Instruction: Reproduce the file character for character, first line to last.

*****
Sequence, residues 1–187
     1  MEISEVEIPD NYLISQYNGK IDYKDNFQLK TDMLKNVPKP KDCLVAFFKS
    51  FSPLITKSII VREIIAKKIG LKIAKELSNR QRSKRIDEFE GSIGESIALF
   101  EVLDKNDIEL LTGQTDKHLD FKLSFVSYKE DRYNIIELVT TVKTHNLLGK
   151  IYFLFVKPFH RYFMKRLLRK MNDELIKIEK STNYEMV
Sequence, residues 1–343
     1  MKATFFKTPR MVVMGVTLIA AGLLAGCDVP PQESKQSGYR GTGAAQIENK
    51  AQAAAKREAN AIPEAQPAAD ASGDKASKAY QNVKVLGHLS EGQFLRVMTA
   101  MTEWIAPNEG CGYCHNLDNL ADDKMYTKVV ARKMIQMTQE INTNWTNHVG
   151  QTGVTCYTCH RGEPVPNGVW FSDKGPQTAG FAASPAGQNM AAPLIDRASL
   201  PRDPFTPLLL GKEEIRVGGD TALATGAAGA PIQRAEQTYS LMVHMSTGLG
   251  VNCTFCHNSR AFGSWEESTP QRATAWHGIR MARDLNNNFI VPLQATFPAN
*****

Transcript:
Sequence, residues 1–187
     1  MEISEVEIPD NYLISQYNGK IDYKDNFQLK TDMLKNVPKP KDCLVAFFKS
    51  FSPLITKSII VREIIAKKIG LKIAKELSNR QRSKRIDEFE GSIGESIALF
   101  EVLDKNDIEL LTGQTDKHLD FKLSFVSYKE DRYNIIELVT TVKTHNLLGK
   151  IYFLFVKPFH RYFMKRLLRK MNDELIKIEK STNYEMV
Sequence, residues 1–343
     1  MKATFFKTPR MVVMGVTLIA AGLLAGCDVP PQESKQSGYR GTGAAQIENK
    51  AQAAAKREAN AIPEAQPAAD ASGDKASKAY QNVKVLGHLS EGQFLRVMTA
   101  MTEWIAPNEG CGYCHNLDNL ADDKMYTKVV ARKMIQMTQE INTNWTNHVG
   151  QTGVTCYTCH RGEPVPNGVW FSDKGPQTAG FAASPAGQNM AAPLIDRASL
   201  PRDPFTPLLL GKEEIRVGGD TALATGAAGA PIQRAEQTYS LMVHMSTGLG
   251  VNCTFCHNSR AFGSWEESTP QRATAWHGIR MARDLNNNFI VPLQATFPAN